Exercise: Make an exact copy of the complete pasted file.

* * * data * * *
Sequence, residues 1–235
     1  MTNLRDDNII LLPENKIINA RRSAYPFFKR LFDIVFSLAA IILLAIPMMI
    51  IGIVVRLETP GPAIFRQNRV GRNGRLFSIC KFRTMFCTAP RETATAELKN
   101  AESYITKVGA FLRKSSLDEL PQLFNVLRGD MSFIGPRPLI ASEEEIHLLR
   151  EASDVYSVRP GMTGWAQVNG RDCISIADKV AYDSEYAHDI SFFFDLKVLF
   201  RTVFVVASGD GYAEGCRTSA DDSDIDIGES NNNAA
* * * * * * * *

Sequence, residues 1–235
     1  MTNLRDDNII LLPENKIINA RRSAYPFFKR LFDIVFSLAA IILLAIPMMI
    51  IGIVVRLETP GPAIFRQNRV GRNGRLFSIC KFRTMFCTAP RETATAELKN
   101  AESYITKVGA FLRKSSLDEL PQLFNVLRGD MSFIGPRPLI ASEEEIHLLR
   151  EASDVYSVRP GMTGWAQVNG RDCISIADKV AYDSEYAHDI SFFFDLKVLF
   201  RTVFVVASGD GYAEGCRTSA DDSDIDIGES NNNAA